Novelist takes firsthand approach to research
HAMMONTON - It takes a lot of hard work and research to write a historical fiction novel but as Mary Ann Trail showed on Thursday evening at Stockton University Kramer Hall, it can be a lot of fun too.
Trail, a former academic librarian at Stockton University, gave a presentation on how she went about researching historical facts about early 19th century England for her book “Uniting Enemies”. The novel, set in 1801, is about a young English woman named Marion Cox who gets caught in the middle of the highly contentious unification of Britain and Ireland, and the love of two men. The novel also deals a little bit with the beginnings of the British secret service.
“This is my first novel. It is a story I have been working on for a while,” said Trail. Yet, there were still some things she needed to clear up to make her novel as accurate as possible. One of her biggest questions: How far can a horse travel in a day?
It was then that one of her colleague’s recommended a book called “Paterson’s Roads”, a travel guide of sorts from 1808 that describes the distances between different towns in England.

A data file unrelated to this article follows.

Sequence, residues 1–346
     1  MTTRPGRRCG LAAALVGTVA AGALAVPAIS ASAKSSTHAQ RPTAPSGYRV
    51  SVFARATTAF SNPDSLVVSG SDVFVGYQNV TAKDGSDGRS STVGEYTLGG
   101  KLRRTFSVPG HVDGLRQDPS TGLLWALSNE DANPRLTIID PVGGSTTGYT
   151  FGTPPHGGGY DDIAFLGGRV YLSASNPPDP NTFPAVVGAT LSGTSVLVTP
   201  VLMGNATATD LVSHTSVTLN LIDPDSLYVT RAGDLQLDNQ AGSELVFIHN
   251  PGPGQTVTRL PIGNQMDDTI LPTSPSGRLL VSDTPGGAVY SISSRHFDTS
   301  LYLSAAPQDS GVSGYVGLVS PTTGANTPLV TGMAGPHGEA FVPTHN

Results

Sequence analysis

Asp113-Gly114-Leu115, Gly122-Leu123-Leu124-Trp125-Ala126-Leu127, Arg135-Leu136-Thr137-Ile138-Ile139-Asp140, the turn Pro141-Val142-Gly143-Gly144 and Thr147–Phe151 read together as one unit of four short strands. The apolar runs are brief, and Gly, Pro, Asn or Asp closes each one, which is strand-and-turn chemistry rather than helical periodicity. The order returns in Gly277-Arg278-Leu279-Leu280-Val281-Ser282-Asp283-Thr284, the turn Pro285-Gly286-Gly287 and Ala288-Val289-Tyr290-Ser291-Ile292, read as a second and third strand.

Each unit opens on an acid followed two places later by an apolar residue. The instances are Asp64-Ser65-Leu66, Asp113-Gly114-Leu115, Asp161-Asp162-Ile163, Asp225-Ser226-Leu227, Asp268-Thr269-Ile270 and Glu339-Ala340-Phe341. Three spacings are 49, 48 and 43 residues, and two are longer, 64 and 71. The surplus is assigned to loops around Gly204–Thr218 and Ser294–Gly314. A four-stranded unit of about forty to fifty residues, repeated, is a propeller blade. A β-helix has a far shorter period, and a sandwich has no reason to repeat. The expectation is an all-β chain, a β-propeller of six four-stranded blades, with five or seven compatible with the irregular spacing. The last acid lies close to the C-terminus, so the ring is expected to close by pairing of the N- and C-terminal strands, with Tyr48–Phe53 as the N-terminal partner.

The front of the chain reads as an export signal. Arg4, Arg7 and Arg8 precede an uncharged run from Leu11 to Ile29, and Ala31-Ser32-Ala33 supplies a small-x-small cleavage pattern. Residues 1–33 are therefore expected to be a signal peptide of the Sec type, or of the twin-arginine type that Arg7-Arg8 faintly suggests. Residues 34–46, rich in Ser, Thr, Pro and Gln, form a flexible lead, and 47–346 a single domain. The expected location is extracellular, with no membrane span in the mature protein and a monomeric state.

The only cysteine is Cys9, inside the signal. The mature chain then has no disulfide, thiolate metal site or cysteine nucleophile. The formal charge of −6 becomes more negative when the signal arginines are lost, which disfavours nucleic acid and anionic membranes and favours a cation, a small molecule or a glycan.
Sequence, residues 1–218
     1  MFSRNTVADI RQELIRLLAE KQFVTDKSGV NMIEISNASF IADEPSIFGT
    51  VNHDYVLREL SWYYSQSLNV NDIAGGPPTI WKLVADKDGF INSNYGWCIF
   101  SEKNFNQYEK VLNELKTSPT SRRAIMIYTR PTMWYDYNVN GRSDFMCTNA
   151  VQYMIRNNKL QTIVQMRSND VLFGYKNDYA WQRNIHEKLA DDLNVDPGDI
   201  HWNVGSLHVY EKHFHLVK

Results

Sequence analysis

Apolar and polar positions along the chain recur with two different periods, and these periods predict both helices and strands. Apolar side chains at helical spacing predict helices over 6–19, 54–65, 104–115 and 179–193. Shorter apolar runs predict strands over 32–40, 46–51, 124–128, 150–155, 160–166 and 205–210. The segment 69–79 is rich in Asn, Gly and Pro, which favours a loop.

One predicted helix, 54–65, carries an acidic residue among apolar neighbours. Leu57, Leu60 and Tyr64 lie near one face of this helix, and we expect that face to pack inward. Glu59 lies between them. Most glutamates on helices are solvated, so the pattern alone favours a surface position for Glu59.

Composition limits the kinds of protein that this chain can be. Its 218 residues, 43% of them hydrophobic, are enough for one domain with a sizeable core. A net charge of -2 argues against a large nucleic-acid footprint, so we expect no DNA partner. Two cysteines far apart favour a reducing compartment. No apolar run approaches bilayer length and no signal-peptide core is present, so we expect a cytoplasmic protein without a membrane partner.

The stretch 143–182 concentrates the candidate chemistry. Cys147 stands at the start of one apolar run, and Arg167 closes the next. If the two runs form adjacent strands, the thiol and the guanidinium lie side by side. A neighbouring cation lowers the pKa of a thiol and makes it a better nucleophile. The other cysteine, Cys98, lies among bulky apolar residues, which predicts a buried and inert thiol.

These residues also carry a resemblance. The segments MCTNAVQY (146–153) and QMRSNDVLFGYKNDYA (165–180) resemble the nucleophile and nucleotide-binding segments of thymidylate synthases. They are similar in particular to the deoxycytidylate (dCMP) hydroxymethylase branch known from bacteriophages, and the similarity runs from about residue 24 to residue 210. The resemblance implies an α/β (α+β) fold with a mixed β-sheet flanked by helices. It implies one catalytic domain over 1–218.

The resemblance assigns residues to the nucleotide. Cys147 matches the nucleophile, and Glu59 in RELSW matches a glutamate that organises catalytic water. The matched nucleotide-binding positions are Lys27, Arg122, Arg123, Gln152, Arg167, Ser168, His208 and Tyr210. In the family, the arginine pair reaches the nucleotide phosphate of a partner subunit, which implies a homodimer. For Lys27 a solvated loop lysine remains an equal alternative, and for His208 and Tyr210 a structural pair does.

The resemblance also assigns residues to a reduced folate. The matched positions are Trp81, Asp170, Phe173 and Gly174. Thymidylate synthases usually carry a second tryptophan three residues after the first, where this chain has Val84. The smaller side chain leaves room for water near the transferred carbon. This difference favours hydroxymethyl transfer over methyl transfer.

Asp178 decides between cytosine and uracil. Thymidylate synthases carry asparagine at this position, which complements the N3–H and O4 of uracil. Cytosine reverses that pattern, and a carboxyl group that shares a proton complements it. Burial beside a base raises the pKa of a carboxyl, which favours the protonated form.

Trail also took a few trips to England to get a better sense of the country and people.
“I was trying to deal with what it was like without electronics,” said Trail, who found that there were some things in England that were the same now as they were in 1801.
Trail admits that she took some liberties with her novel in order to make it more understandable to modern day readers, after all “It is a novel, not a dissertation or textbook” she said.
Trail plans on making this into a three-part series, in fact she has already begun to write the other two novels, with the second novel taking place in Dublin and the third as more of a chase across England.
If you are interested in learning more about Mary Ann Trail or her novel, “Uniting Enemies”, please visit her website at www.maryanntrail.com